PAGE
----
Going back to the moon will give us fresh insights about the creation of our solar system.
- July 2019 marks the 50th anniversary of the moon landing — Apollo 11.
- Today, we have a strong scientific case for returning to the moon: the original rock samples that we took from the moon revolutionized our view of how Earth and the solar system formed. We could now glean even more insights with fresh, nonchemically-altered samples.
- NASA plans to send humans to a crater in the South Pole of the moon because it's safer there, and would allow for better communications with people back on Earth.
She may not be ours forever.
- A new study suggests that the moons of gas-giant exoplanets may break away into their own orbits, called "ploonets."
- Planet + moon = ploonet.
- As the gas giants move inward toward their suns, the orbits of their moons are often disrupted, according to new computer models.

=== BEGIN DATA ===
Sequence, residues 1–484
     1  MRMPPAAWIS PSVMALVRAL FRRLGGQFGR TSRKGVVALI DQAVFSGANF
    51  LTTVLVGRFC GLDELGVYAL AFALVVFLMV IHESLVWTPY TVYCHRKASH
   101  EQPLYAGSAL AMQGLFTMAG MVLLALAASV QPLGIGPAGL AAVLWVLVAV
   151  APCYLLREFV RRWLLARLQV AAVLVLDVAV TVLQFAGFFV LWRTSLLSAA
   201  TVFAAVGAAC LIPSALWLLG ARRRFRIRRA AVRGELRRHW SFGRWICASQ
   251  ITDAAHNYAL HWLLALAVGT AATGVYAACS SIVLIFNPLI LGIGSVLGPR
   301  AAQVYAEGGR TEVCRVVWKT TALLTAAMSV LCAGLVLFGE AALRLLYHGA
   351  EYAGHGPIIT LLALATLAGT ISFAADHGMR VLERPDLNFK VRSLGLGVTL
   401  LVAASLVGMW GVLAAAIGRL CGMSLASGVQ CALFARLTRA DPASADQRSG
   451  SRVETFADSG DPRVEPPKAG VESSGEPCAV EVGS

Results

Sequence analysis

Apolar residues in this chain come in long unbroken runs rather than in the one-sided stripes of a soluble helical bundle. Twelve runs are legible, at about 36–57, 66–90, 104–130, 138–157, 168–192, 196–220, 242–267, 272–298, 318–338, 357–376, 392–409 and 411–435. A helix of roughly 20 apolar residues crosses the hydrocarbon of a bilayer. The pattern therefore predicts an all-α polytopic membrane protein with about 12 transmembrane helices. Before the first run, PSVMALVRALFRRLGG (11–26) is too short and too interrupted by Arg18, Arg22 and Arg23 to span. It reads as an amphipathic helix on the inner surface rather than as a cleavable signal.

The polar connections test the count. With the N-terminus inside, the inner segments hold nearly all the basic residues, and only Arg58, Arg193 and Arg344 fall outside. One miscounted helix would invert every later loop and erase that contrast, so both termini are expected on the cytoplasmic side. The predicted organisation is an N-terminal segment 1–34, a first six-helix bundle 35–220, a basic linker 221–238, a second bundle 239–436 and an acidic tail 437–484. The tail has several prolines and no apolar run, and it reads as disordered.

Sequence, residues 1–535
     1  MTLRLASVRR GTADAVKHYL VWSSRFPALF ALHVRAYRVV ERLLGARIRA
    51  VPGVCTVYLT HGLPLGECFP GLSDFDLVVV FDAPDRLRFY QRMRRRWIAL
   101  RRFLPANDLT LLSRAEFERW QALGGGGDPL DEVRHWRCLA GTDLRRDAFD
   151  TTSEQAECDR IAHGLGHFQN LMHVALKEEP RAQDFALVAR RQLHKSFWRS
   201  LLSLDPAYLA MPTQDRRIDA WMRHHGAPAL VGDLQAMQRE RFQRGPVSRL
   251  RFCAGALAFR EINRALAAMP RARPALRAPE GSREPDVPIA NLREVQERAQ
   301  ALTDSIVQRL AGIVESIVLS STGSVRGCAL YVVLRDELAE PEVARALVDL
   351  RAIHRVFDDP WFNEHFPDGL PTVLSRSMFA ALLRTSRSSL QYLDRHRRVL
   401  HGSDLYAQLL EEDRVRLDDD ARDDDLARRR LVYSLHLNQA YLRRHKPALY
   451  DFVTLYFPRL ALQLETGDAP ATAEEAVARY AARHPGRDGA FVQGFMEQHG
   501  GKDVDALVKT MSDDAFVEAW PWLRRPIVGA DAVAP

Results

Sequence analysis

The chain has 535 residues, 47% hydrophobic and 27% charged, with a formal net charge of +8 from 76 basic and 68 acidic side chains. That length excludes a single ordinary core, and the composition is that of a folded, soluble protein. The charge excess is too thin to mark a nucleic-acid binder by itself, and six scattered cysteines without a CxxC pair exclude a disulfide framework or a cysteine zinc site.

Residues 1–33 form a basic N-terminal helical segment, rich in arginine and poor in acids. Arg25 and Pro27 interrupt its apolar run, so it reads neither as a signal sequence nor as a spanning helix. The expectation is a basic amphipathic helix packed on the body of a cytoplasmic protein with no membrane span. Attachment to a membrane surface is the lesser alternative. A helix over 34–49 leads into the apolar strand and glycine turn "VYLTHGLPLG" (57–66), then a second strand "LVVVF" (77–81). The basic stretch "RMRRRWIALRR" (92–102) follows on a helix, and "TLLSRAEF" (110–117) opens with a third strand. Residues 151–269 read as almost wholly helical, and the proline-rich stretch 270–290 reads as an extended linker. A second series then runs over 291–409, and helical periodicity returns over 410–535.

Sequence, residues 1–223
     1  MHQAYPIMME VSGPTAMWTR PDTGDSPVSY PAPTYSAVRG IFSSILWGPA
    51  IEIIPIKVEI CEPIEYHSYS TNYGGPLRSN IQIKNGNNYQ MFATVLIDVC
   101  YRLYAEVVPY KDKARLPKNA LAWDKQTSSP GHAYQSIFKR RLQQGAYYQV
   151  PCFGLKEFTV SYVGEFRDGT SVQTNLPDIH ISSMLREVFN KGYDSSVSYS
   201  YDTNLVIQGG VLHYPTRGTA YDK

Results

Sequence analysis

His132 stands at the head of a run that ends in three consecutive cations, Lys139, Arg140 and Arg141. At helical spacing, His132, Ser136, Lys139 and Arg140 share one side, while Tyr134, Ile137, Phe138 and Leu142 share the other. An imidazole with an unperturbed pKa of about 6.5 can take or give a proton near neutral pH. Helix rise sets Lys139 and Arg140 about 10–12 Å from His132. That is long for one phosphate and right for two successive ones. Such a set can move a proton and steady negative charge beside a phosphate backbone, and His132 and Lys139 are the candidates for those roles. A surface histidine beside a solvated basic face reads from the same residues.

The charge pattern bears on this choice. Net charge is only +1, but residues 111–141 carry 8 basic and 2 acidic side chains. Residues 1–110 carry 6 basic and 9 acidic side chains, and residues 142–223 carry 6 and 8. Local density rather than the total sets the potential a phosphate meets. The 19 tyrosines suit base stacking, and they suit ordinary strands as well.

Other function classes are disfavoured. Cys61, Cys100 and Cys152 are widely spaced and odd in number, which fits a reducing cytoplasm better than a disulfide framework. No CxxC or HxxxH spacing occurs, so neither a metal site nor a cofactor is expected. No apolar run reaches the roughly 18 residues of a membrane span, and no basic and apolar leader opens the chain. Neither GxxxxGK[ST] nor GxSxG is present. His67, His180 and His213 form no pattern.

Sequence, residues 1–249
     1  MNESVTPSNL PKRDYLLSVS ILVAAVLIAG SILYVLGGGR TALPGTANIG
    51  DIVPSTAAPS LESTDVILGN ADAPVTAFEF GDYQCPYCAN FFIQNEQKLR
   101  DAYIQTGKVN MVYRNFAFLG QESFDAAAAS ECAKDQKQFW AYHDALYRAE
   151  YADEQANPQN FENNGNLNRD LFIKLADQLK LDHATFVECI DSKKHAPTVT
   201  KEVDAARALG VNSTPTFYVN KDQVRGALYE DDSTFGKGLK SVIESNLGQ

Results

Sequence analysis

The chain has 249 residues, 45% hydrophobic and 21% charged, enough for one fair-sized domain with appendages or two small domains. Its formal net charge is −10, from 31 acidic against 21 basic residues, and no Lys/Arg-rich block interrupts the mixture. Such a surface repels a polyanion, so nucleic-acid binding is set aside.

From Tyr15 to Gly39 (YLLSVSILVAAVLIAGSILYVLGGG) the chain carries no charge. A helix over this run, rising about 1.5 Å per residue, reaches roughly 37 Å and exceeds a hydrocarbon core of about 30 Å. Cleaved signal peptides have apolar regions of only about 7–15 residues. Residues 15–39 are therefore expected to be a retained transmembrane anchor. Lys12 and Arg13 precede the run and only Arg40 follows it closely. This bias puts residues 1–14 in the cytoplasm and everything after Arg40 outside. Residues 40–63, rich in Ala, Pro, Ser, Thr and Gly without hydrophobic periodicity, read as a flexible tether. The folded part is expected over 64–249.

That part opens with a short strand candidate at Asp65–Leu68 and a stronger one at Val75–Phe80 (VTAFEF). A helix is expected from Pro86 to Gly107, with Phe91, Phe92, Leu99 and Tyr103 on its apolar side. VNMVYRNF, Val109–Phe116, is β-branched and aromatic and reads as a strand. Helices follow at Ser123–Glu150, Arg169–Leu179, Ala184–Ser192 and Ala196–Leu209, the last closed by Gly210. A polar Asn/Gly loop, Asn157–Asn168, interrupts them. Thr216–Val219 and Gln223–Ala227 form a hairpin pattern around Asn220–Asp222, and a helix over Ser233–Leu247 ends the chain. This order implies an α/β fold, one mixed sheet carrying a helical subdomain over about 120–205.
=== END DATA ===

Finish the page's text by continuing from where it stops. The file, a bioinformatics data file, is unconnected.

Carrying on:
"It is almost impossible to put into words the difference that Alan Turing made to society."
- The late British mathematician and theoretical computer scientist Alan Turing will appear on Britain's 50-pound note starting in 2021.
- Turing is best known for helping to crack the Nazis' Enigma machine, a feat that's estimated to have cut World War II short by two years.
- The British government, which chemically castrated Turing in 1952 for "homosexual acts," officially apologized to Turing in 2009.
LSD may help us change our lives by spurring perspective shifts.
- Psilocybin trip may turn banal insights into "sticky" and "revealed truths" that change the way we live our lives.
- For instance, LSD may be able to help smokers cut their addiction. How so? By allowing them to have a perspective shift on its effects.
- Sometimes the insights made during psychotherapy, after years of counseling, can be made with an LSD trip in a single afternoon.
Twain and Tesla had similar passions and an amusing friendship.
- Samuel Clemens (Mark Twain) and Nikola Tesla shared a friendship starting in 1890s.
- Tesla read a lot of early Twain when recovering from a serious illness.
- The two shared an interest in electricity.